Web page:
[Footnote 513: "Laws," bk. v. ch. i.]
[Footnote 514: Ibid., bk. x.]
[Footnote 515: "Republic," bk. vi. ch. xviii.]
And now we are prepared to form a clear conception of the Platonic doctrine of Ideas. Viewed in their relation to the Eternal Reason, as giving the primordial thought and law of all being, these principles are simply eide auta kath auta—ideas in themselves—the essential qualities or attributes of Him who is the supreme and ultimate Cause of all existence. When regarded as before the Divine imagination, giving definite forms and relations, they are the tupoi, the paradeigmata—the types, models, patterns, ideals according to which the universe was fashioned. Contemplated in their actual embodiment in the laws, and typical forms of the material world, they are eikones—images of the eternal perfections of God. The world of sense pictures the world of reason by a participation (methexis) of the ideas. And viewed as interwoven in the very texture and framework of the soul, they are omoiomata—copies of the Divine Ideas which are the primordial laws of knowing, thinking, and reasoning. Ideas are thus the nexus of relation between God and the visible universe, and between the human and the Divine reason. There is something divine in the world, and in the human soul, namely, the eternal laws and reasons of things, mingled with the endless diversity and change of sensible phenomena. These ideas are "the light of the intelligible world;" they render the invisible world of real Being perceptible to the reason of man. "Light is the offspring of the Good, which the Good has produced in his own likeness. Light in the visible world is what the idea of the Good is in the intelligible world. And this offspring of the Good—light—has the same relation to vision and visible things which the Good has to intellect and intelligible things."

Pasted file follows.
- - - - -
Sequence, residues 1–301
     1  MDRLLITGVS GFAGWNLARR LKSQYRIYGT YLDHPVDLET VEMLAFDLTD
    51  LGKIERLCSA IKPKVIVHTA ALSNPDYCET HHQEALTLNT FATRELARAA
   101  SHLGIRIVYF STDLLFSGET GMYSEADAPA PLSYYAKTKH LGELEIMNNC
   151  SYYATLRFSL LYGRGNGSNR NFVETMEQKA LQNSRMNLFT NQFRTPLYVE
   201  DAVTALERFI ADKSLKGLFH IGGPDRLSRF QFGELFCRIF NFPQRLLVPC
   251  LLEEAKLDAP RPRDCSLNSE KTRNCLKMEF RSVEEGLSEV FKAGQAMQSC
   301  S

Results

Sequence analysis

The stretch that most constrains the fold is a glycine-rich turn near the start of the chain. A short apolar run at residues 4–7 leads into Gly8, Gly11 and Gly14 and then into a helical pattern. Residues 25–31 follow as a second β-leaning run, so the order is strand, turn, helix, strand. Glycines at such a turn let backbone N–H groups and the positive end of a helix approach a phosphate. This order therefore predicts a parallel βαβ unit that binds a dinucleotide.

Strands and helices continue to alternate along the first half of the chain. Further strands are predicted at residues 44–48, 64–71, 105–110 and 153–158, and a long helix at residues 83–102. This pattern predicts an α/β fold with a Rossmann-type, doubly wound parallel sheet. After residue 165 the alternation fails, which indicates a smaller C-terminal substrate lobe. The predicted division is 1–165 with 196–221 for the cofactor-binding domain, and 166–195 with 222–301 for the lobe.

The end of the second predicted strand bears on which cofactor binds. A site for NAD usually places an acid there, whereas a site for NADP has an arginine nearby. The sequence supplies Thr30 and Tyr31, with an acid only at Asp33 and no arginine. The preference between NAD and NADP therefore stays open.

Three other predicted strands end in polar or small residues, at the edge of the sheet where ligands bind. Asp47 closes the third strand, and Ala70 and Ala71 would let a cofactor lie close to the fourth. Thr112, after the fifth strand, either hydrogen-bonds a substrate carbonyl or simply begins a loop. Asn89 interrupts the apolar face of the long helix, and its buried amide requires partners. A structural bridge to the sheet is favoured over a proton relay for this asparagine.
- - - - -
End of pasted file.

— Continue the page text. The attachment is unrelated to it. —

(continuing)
[Footnote 516: "Now, Idea is, as regards God, a mental operation by him (the notions of God, eternal and perfect in themselves); as regards us, the first things perceptible by mind; as regards Matter, a standard; but as regards the world, perceptible by sense, a pattern; but as considered with reference to itself, an existence."—Alcinous, "Introduction to the Doctrines of Plato," p. 261.
"What general notions are to our minds, he (Plato) held, ideas are to the Supreme Reason (nous basileus); they are the eternal thoughts of the Divine Intellect, and we attain truth when our thoughts conform with His—when our general notions are in conformity with the ideas."—Thompson, "Laws of Thought," p. 119.]
[Footnote 517: "Republic," bk. vi. ch. xix.]